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... According to estimates, there are between 150,000 and 500,000 historic and active landfills in Europe, many of which are located in urban and semi-urban environments [1][2][3]. Among others, inorganic wastes, such as mined waste rock, low grade stockpiles, tailings and metallurgical slag have previously been disposed in these landfills [4]. ...
... '<' denotes the value was below the given limit of detection (LOD). Where measurements were below the LOD, the value equal to 1 2 LOD was used for calculating the average concentration. Additionally, the GW data was compared with that from the study of Bayless (1998) [16] in order to roughly evaluate if the concentrations of the elements measured lie within similar ranges. ...
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... The other sampling points reached similar or slightly lower (up to 5 ppm) CO 2 mole fractions compared to the background level [56]. Similarly to the CO 2 mole fraction, the δ 13 C(CO 2 ) values of most air samples collected further from landfills showed a slight 13 C enrichment compared to the background, and only the nearest (No. 28 and 29) points indicate a notable depletion in 13 C (up to 4.4‰). The relationship between the CO 2 mole fraction and δ 13 C(CO 2 ) values ( Figure 5B) clearly indicated a biogenic input of the surrounding landfill agriculture fields and grassland. ...
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Landfills have been identified as one of the major sources of greenhouse gas (GHG) emissions and as a contributor to climate change. Landfill facilities exhibit considerable spatial and temporal variability of both methane (CH4) and carbon dioxide (CO2) rates. The present work aimed to evaluate the spatial distribution of CH4 and CO2 and their δ13C isotopic composition originating from a municipal landfill site, to identify its contribution to the local GHG budget and the potential impact on the air quality of the immediate surroundings in a short-term response to environmental conditions. The objective was met by performing direct measurements of atmospheric CO2 and CH4 at the selected monitoring points on the surface and applying a binary mixing model for the determination of carbon isotopic ratios in the vicinity of the municipal waste landfill site. Air samples were collected and analysed for isotopic composition using flask sampling with a Picarro G2201-I Cavity Ring-Down Spectroscopy (CRDS) technique. Kriging and Inverse distance weighting (IDW) methods were used to evaluate the values at unsampled locations and to map the excess of GHGs emitted from the landfill surface. The large off-site dispersion of methane from the landfill site at a 500 m distance was identified during field measurements using isotopic data. The mean δ13C of the landfill biogas emitted to the surrounded atmosphere was −53.9 ± 2.2‰, which corresponded well to the microbial degradation processes during acetate fermentation in the waste deposits. The calculated isotopic compositions of CO2 (δ13C = −18.64 ± 1.75‰) indicate the domination of biogenic carbon reduction by vegetation surrounding the landfill. Finally, amounts of methane escaping into the air can be limited by the appropriate landfill management practices (faster covers active quarter through separation layer), and CH4 reduction can be achieved by sealing the cover on the leachate tank.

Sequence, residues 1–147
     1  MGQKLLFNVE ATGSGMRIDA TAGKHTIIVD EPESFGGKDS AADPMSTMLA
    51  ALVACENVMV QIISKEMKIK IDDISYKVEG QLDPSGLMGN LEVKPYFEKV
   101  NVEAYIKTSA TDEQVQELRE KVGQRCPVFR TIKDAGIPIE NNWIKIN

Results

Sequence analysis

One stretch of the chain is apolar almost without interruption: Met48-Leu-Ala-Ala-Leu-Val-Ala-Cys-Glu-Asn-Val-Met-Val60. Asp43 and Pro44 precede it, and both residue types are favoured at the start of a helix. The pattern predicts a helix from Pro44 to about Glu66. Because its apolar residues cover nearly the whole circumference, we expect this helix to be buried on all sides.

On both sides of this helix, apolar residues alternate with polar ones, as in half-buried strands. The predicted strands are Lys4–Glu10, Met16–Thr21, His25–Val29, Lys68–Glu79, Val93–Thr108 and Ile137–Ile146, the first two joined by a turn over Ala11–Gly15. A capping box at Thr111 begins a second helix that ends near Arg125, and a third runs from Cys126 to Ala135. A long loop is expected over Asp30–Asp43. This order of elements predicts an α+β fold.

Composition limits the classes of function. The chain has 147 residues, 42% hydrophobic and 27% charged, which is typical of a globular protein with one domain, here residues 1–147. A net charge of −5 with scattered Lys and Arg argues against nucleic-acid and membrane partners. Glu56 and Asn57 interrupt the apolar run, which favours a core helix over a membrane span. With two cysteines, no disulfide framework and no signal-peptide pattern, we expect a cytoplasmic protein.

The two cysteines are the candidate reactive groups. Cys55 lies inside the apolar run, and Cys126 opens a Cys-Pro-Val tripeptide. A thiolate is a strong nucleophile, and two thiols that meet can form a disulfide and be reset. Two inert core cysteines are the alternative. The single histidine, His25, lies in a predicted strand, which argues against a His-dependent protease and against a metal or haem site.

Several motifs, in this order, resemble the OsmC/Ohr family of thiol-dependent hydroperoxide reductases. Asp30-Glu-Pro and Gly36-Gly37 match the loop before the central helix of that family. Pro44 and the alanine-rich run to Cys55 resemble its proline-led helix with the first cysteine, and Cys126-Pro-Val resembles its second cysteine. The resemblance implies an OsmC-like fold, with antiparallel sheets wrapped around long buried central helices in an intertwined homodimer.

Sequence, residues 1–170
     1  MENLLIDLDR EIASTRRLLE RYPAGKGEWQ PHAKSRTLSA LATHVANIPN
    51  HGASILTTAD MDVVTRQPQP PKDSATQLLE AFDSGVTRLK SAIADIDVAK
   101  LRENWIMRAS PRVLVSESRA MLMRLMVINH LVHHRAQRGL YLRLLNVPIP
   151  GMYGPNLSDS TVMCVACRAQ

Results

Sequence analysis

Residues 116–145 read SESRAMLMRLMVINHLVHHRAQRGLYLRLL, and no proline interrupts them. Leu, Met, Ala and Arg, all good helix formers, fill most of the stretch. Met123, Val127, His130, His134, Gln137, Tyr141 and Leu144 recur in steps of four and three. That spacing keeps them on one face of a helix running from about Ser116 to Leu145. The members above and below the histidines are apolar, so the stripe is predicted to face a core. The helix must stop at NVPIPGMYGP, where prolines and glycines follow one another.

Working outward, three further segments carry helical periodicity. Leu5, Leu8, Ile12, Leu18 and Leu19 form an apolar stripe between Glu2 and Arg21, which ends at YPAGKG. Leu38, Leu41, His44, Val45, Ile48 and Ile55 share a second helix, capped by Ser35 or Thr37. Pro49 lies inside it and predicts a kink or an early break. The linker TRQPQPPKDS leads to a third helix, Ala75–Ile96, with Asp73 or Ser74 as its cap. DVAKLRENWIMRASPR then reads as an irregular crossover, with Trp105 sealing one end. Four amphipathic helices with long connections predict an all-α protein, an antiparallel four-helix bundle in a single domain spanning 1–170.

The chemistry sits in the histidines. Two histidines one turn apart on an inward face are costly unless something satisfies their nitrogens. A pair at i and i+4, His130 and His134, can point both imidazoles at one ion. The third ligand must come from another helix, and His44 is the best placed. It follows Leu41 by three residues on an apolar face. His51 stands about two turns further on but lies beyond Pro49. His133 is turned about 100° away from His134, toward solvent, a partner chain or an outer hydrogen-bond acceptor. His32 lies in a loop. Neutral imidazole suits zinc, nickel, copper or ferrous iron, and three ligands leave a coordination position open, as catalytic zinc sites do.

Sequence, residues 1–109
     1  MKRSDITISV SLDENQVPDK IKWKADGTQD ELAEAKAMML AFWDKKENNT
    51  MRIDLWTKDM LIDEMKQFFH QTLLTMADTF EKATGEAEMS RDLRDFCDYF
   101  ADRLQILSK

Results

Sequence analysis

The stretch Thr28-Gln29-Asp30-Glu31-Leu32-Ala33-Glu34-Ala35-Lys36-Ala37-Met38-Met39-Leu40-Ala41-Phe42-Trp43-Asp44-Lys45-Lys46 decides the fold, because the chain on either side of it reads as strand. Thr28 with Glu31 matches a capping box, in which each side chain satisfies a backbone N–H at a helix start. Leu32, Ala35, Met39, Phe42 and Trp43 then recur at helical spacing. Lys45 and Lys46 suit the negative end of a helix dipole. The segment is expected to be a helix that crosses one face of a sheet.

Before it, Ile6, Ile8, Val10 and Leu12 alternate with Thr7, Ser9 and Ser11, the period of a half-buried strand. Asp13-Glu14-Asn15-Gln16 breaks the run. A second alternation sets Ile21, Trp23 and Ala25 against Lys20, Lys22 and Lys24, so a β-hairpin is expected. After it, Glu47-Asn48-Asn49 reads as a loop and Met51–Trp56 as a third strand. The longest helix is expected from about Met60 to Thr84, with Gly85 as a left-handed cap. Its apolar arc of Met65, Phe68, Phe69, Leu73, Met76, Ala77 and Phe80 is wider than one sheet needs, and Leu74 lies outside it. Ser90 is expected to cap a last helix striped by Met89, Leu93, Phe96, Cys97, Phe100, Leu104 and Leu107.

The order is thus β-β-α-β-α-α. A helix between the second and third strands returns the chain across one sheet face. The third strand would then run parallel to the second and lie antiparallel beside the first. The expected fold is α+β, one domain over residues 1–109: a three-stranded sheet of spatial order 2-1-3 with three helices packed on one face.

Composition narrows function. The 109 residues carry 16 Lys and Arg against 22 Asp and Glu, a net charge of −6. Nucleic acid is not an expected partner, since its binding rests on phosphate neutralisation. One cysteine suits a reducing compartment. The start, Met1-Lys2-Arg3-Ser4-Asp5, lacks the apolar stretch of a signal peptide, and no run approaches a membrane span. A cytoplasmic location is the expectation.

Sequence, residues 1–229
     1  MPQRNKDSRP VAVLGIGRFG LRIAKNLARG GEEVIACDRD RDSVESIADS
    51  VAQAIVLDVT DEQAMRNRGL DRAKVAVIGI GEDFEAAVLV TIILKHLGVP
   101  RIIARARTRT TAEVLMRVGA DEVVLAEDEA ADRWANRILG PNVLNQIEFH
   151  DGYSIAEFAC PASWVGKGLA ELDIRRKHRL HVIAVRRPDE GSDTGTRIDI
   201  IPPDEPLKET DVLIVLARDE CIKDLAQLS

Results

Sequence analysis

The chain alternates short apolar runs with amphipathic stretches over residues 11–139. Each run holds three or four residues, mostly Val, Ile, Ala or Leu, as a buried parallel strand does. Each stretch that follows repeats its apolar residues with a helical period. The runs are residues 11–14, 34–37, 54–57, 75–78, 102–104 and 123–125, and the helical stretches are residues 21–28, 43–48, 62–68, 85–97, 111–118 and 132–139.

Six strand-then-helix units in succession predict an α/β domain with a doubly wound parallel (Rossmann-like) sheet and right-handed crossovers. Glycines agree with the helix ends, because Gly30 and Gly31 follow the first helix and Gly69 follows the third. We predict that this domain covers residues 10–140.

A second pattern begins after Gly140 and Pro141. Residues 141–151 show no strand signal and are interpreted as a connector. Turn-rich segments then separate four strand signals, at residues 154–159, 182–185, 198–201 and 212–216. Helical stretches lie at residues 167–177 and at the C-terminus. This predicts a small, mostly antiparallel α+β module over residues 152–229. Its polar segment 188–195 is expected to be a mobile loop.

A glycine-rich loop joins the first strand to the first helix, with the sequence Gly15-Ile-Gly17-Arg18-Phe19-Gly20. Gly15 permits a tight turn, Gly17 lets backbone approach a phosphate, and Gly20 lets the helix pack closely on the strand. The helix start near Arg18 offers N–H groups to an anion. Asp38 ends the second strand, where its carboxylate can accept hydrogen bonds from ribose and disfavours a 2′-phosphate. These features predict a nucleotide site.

... This significant increase in extractive activities has had a strong impact on the environment. In European Union countries, there are overall between 150,000 and 500,000 mine landfills, the majority of which are no longer active (Vaverková, 2019), which raises the question of the management of these landfills. Red gypsum landfills represent an environmental and ecological model of the typology of byproduct storage of Ti-extraction activity (high content of some trace elements (TEs): notably Fe and Mn and low biodiversity) (Edraki et al., 2014;Huang et al., 2012;Zapata-Carbonell et al., 2020). ...
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The extractive industry is increasingly faced with problems of managing contaminated sites. The red gypsum landfill at the Ochsenfeld site is representative of the typology byproduct storage of the Ti-extraction activity. The management of the elemental content and the water body are the issues at this site. The aim of this study was to evaluate the canopy conductance (gcmax) of various tree species and the content of elements in the leaves, utilizing the opportunity of a demonstration plantation setup in 2014 with sixteen tree species, combined with a growth chamber experiment. We combined the gas exchange measurements with the data from two multispectral cameras with RGB and NIR bands embarked on an unmanned aerial vehicle (UAV). In the field, Ostrya carpinifolia, Maclura pomifera, and Rhus copallina had the highest gcmax of all planted tree species, and the high transpiration rate in O. carpinifolia was confirmed in a pot-based controlled experiment. Except R. copallina, the species with a high Mn content (O. carpinifolia, Betula pendula, and Salix aquatica grandis) had high stomatal conductance. O. carpinifolia could therefore be a species to exploit in the management of landfill leachates, especially in the context of climate change since this species is well adapted to dry environments.